Re: formulight + hardener on plait glass

From: Ryuji Suzuki ^lt;>
Date: 09/13/04-12:22:02 PM Z
Message-id: <>

From: Alex Swain <>
Subject: formulight + hardener on plait glass
Date: Mon, 13 Sep 2004 14:01:50 -0400

> I am new to the alt process mailing list but am interested if anyone
> has had experience exposing to clear glass using liquid emulsion.

A few people in this list do that kind of stuff. I do glass for
in-camera use but peole like Kate Mahoney does that for "prints."

Troop recommended alkaline glutaraldehyde hardener in Film Developing
Cookbook. That would work effectively, but for emulsion additive,
glutaraldehyde can be added as a dilute acidic solution and is still
highly effective. (Glutaraldehyde lasts very long in acidic solution
but doesn't last at higher pH.)

> Furthermore I am interested to know if anyone has the specs on the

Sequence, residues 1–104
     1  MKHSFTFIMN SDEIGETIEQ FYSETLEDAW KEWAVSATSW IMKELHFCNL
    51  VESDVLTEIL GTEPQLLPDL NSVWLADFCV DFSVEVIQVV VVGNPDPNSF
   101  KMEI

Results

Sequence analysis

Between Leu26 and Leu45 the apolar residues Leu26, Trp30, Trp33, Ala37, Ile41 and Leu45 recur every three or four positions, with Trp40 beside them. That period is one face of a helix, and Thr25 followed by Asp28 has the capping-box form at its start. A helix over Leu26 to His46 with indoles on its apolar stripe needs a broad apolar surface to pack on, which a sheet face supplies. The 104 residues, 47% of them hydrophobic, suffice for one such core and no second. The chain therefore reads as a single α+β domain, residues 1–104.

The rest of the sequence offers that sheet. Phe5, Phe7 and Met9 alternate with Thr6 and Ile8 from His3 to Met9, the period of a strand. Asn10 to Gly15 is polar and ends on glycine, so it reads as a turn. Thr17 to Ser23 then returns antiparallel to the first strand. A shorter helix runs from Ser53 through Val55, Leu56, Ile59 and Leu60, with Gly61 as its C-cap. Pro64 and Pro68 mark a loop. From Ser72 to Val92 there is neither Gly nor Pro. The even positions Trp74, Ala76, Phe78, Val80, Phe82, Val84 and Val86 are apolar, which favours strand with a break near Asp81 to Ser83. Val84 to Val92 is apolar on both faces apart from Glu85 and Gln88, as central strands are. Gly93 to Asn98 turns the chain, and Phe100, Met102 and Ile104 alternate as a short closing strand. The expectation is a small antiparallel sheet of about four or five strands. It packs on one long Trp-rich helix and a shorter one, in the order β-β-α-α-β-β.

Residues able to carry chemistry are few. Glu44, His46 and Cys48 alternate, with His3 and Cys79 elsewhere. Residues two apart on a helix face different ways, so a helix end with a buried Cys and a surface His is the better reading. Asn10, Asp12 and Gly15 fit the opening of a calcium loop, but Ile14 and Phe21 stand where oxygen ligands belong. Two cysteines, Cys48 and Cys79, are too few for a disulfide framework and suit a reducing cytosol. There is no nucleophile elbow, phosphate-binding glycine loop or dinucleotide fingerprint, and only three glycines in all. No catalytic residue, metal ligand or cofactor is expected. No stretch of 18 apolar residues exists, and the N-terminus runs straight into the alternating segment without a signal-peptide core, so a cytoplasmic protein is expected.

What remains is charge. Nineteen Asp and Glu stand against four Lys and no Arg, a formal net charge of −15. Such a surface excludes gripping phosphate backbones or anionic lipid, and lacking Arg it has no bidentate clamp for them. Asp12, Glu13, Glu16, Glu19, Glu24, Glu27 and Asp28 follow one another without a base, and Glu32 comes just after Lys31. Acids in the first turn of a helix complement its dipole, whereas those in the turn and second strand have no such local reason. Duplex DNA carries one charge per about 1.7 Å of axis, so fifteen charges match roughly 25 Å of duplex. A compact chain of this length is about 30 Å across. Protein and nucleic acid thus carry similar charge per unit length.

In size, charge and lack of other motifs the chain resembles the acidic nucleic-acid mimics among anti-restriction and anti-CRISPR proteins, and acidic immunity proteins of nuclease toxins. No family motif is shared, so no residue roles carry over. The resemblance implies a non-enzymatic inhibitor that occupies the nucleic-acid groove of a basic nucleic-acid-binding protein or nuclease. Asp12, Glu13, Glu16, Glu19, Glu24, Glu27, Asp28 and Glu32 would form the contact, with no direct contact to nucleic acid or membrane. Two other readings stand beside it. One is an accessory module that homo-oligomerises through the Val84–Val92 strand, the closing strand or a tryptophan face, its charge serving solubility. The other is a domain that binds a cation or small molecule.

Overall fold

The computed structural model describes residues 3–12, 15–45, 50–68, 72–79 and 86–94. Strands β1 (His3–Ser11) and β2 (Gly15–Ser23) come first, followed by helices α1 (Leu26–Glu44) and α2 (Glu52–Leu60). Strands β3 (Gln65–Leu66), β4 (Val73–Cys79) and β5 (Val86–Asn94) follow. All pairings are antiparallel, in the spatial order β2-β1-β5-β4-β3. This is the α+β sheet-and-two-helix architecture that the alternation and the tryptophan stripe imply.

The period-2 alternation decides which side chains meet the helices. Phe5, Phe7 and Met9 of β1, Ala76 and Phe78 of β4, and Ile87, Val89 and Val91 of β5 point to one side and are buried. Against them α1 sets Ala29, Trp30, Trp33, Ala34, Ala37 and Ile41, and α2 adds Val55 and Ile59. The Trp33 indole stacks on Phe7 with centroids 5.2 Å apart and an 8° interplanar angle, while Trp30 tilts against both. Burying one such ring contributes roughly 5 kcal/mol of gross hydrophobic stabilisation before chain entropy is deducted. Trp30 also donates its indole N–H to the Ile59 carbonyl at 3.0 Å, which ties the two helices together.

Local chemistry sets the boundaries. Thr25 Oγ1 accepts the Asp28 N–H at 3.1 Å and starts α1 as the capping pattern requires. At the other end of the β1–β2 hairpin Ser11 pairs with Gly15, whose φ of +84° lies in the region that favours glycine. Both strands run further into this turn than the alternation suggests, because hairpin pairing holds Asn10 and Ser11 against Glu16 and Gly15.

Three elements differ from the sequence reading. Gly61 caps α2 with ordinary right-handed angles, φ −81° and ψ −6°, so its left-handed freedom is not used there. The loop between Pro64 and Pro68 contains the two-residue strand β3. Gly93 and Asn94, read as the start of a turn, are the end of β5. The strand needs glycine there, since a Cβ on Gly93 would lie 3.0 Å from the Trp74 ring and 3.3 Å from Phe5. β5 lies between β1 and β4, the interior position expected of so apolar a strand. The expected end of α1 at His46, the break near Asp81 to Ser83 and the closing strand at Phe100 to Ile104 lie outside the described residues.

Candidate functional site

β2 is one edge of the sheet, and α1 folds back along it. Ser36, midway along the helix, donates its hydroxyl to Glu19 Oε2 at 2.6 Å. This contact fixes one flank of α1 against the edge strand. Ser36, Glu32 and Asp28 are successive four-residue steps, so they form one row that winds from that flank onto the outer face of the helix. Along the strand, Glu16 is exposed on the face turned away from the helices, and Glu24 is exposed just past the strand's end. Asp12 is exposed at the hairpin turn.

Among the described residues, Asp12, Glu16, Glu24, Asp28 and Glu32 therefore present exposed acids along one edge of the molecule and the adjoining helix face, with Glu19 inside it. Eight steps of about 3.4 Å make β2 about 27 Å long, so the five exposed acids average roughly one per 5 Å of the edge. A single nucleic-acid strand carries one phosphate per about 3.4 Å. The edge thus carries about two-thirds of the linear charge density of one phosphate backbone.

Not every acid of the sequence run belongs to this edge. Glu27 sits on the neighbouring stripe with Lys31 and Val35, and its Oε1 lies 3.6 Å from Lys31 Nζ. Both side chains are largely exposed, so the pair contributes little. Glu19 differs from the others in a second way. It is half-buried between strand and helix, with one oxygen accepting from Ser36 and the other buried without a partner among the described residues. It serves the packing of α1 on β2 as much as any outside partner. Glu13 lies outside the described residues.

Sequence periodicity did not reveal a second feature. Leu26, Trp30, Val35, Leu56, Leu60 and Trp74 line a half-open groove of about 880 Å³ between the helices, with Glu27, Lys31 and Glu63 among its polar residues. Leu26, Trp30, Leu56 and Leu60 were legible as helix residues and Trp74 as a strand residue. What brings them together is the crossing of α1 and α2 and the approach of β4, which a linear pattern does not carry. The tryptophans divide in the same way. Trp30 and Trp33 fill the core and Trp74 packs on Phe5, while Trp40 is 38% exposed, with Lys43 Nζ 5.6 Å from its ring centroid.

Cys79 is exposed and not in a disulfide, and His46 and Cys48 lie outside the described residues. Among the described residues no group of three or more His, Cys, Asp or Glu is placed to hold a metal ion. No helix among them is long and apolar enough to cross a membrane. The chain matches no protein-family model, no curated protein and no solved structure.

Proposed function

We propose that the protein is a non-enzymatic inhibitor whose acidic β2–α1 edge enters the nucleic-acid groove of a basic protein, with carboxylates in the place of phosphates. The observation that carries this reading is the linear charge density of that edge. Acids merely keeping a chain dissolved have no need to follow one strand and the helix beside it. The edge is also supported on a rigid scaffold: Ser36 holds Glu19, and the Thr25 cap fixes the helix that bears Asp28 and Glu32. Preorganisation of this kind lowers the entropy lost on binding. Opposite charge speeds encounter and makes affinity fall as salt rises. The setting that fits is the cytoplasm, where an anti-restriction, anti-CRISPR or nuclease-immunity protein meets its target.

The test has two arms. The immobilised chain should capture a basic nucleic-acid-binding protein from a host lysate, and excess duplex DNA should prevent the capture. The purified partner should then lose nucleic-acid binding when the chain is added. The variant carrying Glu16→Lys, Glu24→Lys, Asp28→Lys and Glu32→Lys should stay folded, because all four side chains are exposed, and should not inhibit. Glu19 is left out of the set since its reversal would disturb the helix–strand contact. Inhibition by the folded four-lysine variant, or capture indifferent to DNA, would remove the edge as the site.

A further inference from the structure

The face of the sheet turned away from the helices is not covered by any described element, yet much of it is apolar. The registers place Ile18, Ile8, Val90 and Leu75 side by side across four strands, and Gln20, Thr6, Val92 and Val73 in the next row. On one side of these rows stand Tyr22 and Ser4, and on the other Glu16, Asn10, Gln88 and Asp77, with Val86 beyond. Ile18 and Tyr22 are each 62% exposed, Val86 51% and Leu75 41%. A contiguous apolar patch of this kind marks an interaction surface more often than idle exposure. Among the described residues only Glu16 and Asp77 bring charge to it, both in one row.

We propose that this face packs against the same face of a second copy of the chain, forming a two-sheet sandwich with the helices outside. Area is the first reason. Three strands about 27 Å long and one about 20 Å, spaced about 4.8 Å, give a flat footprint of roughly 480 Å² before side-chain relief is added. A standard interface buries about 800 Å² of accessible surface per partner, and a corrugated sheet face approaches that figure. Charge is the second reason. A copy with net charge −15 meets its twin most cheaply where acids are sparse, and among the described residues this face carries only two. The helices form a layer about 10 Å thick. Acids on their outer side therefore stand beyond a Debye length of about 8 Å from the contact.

> formulight hardener and how much *heat* it can tolerate.

I have not tried it, and I don't have information on it. If it doesn't
have warning about its fume, it's probably chrome alum type hardener,
or epoxide, active chloride, and other types of hardener. What is
specified as most preferable hardeners in recent patents are
bis(vinylsulphonylmethyl)ether and s-triazines (particularly
2,4-dichloro-6-hydroxy-s-triazine, which is easy to synthesize in a
couple of hours of work).

> My ultimate
> goal is to blow a pre-exposed piece of plait glass with temperatures
> up to 2000f.

I think dry gelatin will degrade a bit below 200C (can look up what
the literature value is and post later). If you want to seal the image
in glass, you might want to look for histology supplies for making
microscope slides. (but you won't get the fused image, of course.)

Ryuji Suzuki
"You have to realize that junk is not the problem in and of itself.
Junk is the symptom, not the problem."
(Bob Dylan 1971; source: No Direction Home by Robert Shelton)
Received on Mon Sep 13 12:22:56 2004

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